This year's hottest jobs in IT

Employers look for well-rounded tech talent with application-development and infrastructure skills, as well as vertical experience.

If you're thinking about mapping out your next career step, here are some of this year's hottest job skills. One big trend affecting certified and non-certified positions: Many large companies are getting to new technology deployments that they had put on the back burner as they focused on complying with rules stemming from such legislation as the Health Insurance Portability and Accountability Act and the Sarbanes-Oxley Act.

IT skills outlookHere’s a look at skills that are more and less desirable in 2006 compared to 2005.
Skills that were ranked higher this year than last include:
Helping to launch new products and services.
Improving project-management discipline.
Recruiting, developing and retaining staff/leadership/business skills within IT.
Improving workforce productivity.
Supporting revenue-growth strategies.
Cutting costs.
Ensuring regulatory compliance.
Performance management.
Centralizing IT organization management.
Implementing mechanisms for IT governance, portfolio management.
Source: Foote Partners, www.footepartners.com

If you're thinking about mapping out your next career step, here are some of this year's hottest job skills. One big trend affecting certified and non-certified positions is that many large companies are getting to new technology deployments that they had put on the back burner as they focused on complying with rules stemming from such legislation as the Health Insurance Portability and Accountability Act and the Sarbanes-Oxley Act.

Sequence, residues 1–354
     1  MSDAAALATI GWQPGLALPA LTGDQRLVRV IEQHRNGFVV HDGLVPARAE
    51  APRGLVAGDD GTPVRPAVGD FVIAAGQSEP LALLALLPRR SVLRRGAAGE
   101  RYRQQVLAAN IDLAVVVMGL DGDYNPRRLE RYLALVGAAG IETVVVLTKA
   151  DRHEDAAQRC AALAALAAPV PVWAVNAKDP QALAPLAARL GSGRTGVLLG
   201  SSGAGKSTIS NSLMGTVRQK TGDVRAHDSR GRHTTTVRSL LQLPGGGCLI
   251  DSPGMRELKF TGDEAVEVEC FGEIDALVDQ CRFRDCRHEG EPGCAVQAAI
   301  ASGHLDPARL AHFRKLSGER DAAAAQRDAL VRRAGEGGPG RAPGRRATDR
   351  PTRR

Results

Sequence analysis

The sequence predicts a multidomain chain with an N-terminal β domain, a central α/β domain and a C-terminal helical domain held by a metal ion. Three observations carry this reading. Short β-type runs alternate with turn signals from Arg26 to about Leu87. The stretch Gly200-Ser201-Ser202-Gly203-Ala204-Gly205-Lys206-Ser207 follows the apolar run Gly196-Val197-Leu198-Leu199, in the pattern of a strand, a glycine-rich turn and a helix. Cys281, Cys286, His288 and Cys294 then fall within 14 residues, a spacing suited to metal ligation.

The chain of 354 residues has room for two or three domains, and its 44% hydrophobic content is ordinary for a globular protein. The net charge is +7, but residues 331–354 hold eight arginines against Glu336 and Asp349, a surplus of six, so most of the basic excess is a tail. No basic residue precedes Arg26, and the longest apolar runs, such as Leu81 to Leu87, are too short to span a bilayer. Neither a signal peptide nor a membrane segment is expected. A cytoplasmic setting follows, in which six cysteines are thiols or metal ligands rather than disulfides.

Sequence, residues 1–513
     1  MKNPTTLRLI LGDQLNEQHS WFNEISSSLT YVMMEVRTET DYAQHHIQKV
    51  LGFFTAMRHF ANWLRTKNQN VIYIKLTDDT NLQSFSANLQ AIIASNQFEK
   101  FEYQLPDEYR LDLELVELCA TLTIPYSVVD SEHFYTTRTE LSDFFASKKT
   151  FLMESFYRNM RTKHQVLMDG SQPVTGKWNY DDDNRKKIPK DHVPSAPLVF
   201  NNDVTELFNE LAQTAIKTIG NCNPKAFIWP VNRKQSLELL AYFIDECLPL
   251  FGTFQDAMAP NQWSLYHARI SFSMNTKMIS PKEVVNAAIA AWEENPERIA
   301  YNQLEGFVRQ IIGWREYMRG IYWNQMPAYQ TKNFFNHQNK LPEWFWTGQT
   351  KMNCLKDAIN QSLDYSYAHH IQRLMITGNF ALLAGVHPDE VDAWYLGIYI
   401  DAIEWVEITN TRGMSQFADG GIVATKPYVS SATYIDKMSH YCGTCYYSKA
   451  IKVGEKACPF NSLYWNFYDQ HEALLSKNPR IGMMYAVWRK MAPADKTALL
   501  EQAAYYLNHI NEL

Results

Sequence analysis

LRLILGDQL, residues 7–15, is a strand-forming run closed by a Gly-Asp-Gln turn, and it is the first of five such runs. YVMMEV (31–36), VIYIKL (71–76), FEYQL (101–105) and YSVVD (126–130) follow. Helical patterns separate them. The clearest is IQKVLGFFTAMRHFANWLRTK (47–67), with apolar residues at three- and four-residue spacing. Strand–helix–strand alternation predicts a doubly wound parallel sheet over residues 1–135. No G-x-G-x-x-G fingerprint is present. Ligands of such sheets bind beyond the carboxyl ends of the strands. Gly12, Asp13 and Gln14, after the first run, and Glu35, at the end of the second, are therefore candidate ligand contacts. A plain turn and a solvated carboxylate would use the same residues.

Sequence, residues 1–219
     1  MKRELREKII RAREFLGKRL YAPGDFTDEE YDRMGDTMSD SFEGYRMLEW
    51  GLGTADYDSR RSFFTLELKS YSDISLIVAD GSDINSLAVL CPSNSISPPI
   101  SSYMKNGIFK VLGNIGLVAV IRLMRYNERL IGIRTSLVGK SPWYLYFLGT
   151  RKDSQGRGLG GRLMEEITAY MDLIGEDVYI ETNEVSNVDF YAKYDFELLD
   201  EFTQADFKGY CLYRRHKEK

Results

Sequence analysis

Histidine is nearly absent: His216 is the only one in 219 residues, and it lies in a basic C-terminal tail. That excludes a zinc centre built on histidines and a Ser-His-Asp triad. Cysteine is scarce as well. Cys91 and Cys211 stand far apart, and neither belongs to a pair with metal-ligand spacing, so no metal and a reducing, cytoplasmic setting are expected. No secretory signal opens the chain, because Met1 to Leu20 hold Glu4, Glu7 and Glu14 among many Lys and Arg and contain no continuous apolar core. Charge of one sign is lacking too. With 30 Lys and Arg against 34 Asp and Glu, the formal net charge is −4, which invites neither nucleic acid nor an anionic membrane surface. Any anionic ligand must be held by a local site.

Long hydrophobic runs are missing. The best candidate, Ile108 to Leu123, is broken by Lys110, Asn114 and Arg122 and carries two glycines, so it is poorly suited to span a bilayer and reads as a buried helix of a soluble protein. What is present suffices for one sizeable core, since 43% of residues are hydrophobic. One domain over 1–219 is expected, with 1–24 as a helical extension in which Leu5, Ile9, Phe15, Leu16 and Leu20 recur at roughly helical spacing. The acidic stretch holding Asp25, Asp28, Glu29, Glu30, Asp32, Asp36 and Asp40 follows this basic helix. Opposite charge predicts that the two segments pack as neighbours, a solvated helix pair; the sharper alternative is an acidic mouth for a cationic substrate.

Now IT departments are focusing more of their energy and money on creating products and services, says David Foote, president and chief research officer at Foote Partners, an IT workforce research firm. This has created a backlog of projects that IT departments have to complete.

That's one reason some hot IT jobs include application development, Foote says. According to his firm's research, deployments need employees with customer-facing skills that support new products, services and customer-support systems; infrastructure skills in networking, wireless and security; and enabling skills in project planning, management and open source (see graphic).

One company, NPC International, the largest Pizza Hut franchisee in the United States, echoes Foote's findings: Application development and infrastructure skills are at the top of its list of in-demand proficiencies.

"We have been converting most of our application development to Visual Studio; now, with approximately 70% of our development in this environment, we have an ever-growing need for [Visual Studio] developers," says Mike Woods, CIO at NPC in Pittsburg, Kan.

Two other important areas of expertise are "problem-solving skills, such as second- and third-level support, and network engineering," Woods says. "We're interested in IT staff who have network engineering skills beyond a knowledge of routing tables," he says.

Because these skills are technical, Foote says, employers are putting more effort into retaining employees who have them. Employers who haven't thought about retention programs may be suffering the loss of some top staff after other companies recruit them.